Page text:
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Perfect Scandi Crime: The Redeemer

The Redeemer: A Harry Hole Thriller (Oslo Sequence 4)The Redeemer by Jo Nesbo

Picking up where I left off with this series pre-pregnancy…
(Well, I actually read The Snowman out of sequence while pregnant, I just wasn’t thinking…)

A Harry Hole Novel: On a freezing December night Christmas shoppers have gathered to listen to a Salvation Army carol concert. A shot rings out and one of the singers is dead. There is no immediate suspect, no weapon and no motive. But when the assassin discovers he’s shot the wrong man, Harry finds his troubles have only just begun.

First Impressions: The series is just as good as I remember. Why did I take so long to get back into it?

Highlights: Who doesn’t adore Harry Hole? Confident but frail, his very subtle dark humour continues to entertain me. In this novel I loved the complex layers of the Salvation Army that shadow the investigation. I also like how Nesbo involves different nationalities and histories in his novels. It is very European: despite their differences, all countries share a past, present and future.

If I was an editor: I would beg Nesbo to keep the Harry Hole novels coming. I have The Leopard, the next one in the sequence, ready to go.

Overall: More Oslo perfection.

The Redeemer: 5 Stars

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Oslo Perfection: The Devil’s Star

The Devil's Star: A Harry Hole Thriller (Oslo Sequence 3)The Devil’s Star by Jo Nesbo

Harry Hole has plummeted into a drunken state of disarray at the start of this final novel in the Oslo Trilogy. Confronting Waaler about The Prince doesn’t help his situation and he seems stuck in a world of self pity and loathing.

One case does pique his interest: a serial killer seems to be targeting women randomly, cutting off one of their fingers and leaving a rare red diamond shaped as a Devil’s Star at the scene. Naturally, he is put on the case with Waaler so cue lots of sardonic conversation and wry observations from Harry. Tom even tries to recruit Harry into doing some underhand jobs for him. As I have said before, I love the relationship between these two men so was delighted to see Waaler have such a large role in this novel. Jo Nesbo fills in a lot of Waaler’s history and I was fascinated.

When the crime unravels towards the end of this book it is rather dark although not gory. Along with the Hole-Waaler dynamic it brings out Nesbo’s black humour.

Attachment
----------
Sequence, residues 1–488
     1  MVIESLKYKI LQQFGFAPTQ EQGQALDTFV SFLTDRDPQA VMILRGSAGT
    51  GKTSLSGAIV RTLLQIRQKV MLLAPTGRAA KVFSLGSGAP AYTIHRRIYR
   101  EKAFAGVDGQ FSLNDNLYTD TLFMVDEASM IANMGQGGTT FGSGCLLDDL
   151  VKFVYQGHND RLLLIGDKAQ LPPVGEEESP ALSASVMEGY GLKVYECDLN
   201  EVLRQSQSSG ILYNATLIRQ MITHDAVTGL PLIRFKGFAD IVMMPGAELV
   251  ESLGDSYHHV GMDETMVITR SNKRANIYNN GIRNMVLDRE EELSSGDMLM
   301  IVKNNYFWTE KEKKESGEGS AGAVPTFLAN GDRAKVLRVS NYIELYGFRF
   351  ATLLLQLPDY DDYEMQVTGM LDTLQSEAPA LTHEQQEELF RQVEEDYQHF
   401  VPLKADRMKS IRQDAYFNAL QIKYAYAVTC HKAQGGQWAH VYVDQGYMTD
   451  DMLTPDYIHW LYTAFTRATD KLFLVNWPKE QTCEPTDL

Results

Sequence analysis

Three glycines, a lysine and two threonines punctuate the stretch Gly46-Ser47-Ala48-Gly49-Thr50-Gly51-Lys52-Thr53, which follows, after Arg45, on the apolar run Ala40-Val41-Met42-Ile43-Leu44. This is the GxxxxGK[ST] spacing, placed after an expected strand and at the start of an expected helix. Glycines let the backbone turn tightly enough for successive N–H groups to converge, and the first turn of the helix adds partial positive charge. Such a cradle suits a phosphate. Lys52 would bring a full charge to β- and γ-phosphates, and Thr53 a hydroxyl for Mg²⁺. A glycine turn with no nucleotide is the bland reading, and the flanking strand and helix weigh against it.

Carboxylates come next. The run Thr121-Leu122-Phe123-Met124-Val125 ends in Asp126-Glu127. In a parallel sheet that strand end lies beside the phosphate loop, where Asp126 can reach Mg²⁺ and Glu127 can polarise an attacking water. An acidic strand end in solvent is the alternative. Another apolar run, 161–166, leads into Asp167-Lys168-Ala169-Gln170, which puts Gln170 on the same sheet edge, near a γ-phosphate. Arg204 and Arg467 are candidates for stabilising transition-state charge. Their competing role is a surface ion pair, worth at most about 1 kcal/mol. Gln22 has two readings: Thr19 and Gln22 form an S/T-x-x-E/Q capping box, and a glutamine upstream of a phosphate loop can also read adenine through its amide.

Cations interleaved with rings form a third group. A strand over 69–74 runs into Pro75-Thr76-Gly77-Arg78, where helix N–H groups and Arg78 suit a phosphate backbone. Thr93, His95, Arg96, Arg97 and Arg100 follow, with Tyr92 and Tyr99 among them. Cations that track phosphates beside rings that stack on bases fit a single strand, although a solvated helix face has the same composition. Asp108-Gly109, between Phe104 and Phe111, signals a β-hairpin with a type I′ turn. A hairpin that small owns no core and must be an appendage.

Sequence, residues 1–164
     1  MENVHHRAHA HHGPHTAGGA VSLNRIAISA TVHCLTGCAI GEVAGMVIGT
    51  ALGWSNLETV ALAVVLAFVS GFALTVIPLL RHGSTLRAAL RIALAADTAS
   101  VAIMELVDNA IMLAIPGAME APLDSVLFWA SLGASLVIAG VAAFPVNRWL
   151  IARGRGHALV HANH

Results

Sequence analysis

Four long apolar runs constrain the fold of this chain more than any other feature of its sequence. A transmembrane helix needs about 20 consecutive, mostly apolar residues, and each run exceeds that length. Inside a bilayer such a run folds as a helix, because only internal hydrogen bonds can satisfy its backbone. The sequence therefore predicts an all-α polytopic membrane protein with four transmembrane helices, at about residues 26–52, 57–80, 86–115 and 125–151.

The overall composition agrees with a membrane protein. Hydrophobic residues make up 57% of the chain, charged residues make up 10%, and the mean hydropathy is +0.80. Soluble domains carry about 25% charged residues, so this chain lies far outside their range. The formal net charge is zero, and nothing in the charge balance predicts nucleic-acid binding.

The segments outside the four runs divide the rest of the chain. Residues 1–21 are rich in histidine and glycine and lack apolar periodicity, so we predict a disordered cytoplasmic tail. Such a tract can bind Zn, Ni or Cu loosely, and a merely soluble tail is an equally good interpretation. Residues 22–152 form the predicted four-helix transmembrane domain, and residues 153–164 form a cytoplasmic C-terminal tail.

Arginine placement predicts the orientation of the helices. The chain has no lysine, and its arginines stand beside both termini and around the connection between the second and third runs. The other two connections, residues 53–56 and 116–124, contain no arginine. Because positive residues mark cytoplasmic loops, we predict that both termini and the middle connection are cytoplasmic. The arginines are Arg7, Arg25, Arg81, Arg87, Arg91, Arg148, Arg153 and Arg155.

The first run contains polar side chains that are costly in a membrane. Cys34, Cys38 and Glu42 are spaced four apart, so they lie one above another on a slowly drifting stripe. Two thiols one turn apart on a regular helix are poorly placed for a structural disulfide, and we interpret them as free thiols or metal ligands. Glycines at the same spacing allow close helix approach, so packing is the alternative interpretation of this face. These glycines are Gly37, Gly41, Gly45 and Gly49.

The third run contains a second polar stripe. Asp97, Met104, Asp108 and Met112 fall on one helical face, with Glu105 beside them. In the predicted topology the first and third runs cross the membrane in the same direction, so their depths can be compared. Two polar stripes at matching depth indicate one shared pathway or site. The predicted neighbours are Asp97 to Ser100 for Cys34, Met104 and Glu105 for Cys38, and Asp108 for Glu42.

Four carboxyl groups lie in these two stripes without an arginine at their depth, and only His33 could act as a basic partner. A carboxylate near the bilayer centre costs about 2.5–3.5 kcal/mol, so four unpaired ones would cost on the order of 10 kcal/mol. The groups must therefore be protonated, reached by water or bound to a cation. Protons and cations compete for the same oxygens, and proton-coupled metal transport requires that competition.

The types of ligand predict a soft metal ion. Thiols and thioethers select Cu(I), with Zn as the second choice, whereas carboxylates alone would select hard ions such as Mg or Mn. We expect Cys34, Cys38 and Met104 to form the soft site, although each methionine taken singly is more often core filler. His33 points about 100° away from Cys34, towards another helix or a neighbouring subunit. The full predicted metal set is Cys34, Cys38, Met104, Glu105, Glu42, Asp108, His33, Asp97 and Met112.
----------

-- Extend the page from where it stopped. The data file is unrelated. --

In this novel, Harry’s alcoholism forces a division between him and Rakel. I was fine with this as I am not so taken with Rakel’s character but understand she is there as the forgiving and caring woman to highlight Harry’s inability to establish himself in a relationship.

As hooked as I was on this book, I thought the ending was somewhat overly dramatic. Nonetheless, it tied up the three books known as The Oslo Trilogy. I didn’t know what it was exactly that tied these books together but now that I have finished The Devil’s Star I can easily see the narrative arc.

I am going to continue working my way through the Harry Hole sequence of novels to see what he gets up to next. I strongly suggest that if you plan give the Harry Hole novels a go, read them in order so you can get the most out of them!

The Devil’s Star: 5 stars.

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Unadulterated Harry Hole: Nemesis

Nemesis: A Harry Hole Thriller (Oslo Sequence 2)Nemesis by Jo Nesbo

Nemesis is the second Jo Nesbo novel I have read as I journey through the Harry Hole novels in publication order. While I gave The Redbreast a smashing review in an earlier blog, in my mind Nemesis is far better. Regardless, I can see that reading the books in order is the best way to approach the series.

Harry is trying to solve an unscrupulous bank robbery caught on CCTV while secretly still investigating a colleague’s closed murder case on the side. If this wasn’t enough, after agreeing to catch up with an old flame, he wakes up in his own apartment realising he has been drugged. He has no memory of the previous night and later discovers his old flame has been found dead by an electrician.